”Right. I see. From Scotland are you?”

”Aye the Highlands. A wee place called Tomintoul.”

”Tomintoul. That is where Topliss was caught”

”Aye it certainly is” said Teacher. ”Hope they catch the bastard again and shoot him. My mates got killed in the war. Why should a deserter live even in prison?”

The North said. ”Fellas, I think it is time for the next lecture?”

They all agreed that it was and hurried off.



A 6’3” slim middle aged bald man stood up. He was a head constable in the RIC. He had a brown moustache and ramrod straight bearing. He began to speak in a southern Irish accent which could not be traced to a particular country. His voice emanated from the top of his pallet.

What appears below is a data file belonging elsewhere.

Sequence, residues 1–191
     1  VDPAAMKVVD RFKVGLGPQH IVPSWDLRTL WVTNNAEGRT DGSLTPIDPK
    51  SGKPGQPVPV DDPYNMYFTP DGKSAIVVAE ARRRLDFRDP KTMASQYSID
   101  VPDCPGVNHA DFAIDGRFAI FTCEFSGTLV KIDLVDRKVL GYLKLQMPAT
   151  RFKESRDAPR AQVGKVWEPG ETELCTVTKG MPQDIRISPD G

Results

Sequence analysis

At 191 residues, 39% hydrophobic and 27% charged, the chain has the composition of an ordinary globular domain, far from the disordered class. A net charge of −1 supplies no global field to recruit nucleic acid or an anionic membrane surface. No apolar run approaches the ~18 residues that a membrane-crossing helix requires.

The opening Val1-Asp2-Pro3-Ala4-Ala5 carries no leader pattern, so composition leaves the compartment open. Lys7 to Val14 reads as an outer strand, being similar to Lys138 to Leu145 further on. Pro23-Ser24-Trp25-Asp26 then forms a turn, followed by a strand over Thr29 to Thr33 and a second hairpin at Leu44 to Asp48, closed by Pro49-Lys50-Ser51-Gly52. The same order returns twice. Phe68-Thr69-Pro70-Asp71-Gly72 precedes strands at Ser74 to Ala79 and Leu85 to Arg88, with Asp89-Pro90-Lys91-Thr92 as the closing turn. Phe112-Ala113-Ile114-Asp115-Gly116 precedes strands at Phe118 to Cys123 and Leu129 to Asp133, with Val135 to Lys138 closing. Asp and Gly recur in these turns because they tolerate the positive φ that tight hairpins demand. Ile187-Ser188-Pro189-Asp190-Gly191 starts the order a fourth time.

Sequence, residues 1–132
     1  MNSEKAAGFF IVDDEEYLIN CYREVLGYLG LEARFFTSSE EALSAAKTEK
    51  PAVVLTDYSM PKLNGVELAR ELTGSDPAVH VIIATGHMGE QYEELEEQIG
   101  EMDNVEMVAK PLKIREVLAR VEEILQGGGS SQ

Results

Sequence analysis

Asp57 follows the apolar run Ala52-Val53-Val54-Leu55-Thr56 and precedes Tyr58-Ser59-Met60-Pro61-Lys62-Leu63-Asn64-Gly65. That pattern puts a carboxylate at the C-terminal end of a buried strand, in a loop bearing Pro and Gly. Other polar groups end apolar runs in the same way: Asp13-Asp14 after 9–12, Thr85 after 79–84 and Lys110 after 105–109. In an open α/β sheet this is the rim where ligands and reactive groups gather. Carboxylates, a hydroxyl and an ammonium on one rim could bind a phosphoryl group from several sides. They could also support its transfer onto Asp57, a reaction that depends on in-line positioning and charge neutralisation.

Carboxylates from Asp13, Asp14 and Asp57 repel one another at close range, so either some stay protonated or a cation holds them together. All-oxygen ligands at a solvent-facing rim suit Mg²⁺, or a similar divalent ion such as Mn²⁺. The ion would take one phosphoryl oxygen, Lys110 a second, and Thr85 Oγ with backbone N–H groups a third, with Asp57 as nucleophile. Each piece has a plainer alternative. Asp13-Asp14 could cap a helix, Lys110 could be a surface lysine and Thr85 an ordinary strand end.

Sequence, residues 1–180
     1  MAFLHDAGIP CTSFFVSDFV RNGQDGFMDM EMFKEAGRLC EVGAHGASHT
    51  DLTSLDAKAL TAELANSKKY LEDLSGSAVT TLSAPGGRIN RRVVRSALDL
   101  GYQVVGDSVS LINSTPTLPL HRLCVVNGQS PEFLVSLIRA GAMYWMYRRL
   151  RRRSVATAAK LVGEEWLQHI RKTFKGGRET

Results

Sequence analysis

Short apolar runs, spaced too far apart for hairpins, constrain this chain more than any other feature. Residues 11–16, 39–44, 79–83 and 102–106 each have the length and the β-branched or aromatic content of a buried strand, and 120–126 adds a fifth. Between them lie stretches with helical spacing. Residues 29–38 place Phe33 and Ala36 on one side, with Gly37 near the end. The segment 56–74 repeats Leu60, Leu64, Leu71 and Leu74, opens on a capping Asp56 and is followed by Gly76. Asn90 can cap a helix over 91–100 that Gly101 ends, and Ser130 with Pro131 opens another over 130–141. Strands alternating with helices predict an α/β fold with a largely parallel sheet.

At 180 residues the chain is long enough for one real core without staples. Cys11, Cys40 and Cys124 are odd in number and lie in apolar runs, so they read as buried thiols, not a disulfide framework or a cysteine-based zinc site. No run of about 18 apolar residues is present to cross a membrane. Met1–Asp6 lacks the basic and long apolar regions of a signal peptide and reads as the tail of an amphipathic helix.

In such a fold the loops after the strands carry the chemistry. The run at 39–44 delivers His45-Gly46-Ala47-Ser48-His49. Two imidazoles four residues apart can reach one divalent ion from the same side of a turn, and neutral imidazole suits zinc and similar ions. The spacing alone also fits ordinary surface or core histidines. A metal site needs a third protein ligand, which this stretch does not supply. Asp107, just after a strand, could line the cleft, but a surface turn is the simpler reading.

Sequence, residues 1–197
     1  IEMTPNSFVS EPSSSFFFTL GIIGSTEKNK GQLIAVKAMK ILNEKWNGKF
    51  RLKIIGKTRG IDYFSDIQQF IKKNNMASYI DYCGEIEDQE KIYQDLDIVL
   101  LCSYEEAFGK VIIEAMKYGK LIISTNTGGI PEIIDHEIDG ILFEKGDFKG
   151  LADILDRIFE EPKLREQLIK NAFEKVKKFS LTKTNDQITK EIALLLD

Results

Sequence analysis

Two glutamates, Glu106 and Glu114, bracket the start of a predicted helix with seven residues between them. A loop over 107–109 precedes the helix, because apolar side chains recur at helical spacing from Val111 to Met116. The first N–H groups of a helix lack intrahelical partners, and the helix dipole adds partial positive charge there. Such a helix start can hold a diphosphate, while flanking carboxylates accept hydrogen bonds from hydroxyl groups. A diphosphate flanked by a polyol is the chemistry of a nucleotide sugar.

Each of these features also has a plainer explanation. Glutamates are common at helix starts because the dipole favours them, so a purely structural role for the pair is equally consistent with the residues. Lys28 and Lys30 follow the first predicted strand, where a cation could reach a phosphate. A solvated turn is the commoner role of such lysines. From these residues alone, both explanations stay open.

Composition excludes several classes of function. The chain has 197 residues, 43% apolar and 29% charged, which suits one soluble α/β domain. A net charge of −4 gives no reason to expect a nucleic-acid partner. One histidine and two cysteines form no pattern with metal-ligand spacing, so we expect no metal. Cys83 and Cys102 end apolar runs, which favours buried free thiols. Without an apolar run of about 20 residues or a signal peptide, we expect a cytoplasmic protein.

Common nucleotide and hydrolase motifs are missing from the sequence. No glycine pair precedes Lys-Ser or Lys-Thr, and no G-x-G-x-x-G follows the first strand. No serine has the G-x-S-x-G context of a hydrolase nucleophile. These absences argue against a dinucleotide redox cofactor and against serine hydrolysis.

”Now men – how to question a suspect. What do we want? We want information out of him and as fast as possible. We want to know where the guns are hidden for example. Why do we want it instantly? Because the longer it takes to extract this information the longer the enemy has to move the guns.. I also said information – not disinformation. If you torture a man he may well tell you nonsense – anything to stop the pain. I am not saying that torture never works. Sometimes it does. He might tell you something verifiable. If he says so and so is hiding at such and such and address and we raid the address and find the wanted man then torture has worked. By they way torture is illegal.

There has been a rash of IRA attacks in the past few months. Let me be honest – situation is getting worse. I hate to say it but not all local RIC men can be entirely trusted.